Afua Cooper, PhD (James R. Johnston Chair in Black Canadian Studies, Dalhousie University)

The Black history of Ontario inspires me and defines who I am

Peggy Pompadour haunts me. I walk through the streets of Ye Olde Towne Toronto and I feel her presence – this Black enslaved woman who was owned, jailed and sold by colonial administrator Peter Russell. Peggy often ran away from slavery and Russell would find her and confine her to the local jail. When Russell could no longer control Peggy, he put her up for sale with her son Jupiter.

Walking through the oldest part of the City of Toronto, I walked on pathways that they trod, and I remember and honour their spirit.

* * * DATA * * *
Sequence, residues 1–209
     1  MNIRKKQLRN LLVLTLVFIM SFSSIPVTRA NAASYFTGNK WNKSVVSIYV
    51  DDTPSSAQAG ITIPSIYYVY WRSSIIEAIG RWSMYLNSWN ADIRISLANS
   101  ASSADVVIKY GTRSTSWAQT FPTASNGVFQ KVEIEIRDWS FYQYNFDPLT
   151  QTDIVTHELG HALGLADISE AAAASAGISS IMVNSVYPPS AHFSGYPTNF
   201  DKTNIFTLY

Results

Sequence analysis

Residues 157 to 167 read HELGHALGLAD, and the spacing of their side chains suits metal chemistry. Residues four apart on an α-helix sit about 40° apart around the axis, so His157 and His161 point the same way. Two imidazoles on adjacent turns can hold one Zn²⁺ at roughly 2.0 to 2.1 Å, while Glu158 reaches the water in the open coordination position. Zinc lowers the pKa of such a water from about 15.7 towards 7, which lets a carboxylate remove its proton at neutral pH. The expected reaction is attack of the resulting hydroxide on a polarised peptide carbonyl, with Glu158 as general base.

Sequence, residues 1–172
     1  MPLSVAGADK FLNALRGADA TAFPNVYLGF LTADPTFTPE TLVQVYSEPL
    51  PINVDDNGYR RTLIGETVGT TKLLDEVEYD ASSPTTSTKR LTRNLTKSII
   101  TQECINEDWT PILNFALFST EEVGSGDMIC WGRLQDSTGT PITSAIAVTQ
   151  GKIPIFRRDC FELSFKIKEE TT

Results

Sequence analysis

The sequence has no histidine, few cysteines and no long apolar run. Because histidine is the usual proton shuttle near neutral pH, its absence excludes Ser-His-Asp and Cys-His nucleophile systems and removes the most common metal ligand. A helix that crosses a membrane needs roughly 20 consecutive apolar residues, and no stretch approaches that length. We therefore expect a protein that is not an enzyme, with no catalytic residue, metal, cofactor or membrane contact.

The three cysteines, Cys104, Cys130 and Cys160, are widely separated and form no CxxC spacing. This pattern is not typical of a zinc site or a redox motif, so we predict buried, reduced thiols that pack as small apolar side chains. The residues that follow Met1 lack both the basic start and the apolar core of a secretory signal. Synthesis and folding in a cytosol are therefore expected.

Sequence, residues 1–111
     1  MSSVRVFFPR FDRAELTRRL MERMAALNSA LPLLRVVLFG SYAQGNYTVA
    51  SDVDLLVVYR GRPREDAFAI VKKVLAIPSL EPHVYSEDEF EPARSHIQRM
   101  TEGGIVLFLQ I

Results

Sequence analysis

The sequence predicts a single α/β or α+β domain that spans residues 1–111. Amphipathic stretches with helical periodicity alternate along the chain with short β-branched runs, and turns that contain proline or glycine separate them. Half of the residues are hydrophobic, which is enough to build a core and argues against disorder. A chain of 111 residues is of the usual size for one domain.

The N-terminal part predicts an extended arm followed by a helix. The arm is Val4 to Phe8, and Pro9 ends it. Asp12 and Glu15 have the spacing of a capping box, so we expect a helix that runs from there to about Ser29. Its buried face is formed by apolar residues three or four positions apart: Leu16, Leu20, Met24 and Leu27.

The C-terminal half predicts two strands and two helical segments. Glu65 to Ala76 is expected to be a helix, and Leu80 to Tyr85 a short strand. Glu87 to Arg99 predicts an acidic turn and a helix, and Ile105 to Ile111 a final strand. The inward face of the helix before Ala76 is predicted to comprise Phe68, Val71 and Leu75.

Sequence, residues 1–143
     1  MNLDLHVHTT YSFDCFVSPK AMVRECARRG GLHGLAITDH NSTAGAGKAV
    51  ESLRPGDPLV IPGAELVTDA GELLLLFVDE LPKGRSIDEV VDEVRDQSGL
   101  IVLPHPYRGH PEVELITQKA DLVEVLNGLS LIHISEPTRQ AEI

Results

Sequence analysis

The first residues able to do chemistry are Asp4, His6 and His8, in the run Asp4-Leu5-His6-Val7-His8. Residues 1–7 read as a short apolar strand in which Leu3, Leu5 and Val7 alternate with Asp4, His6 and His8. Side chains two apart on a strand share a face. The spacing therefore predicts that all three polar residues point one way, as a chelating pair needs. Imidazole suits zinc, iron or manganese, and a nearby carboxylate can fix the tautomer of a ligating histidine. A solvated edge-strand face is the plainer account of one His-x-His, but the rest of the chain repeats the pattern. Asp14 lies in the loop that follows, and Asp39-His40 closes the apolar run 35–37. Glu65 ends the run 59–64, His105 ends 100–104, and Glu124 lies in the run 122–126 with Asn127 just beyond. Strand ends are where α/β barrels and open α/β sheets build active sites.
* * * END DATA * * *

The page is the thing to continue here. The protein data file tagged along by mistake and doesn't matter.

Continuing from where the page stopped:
I am also inspired by Peter Long and his family, free Black Loyalists who came to Toronto from the Miramichi Valley of New Brunswick. And before New Brunswick, the Longs came from Massachusetts. Peter and his family established a farm in the Bayview/Pottery Road area of Toronto but, unlike Peggy Pompadour, they lived out their dreams as free people.

My Ontario includes the memory of the Black men who cut down trees and constructed the Davenport Road that connected the eastern part of Toronto to the western part.

Ontario Black history helps to define me, and is an integral part of my identity. I – a Jamaican-born African diaspora daughter – move through this land, connecting the lineages from the Caribbean, West and Central Africa, East Africa and African Canada.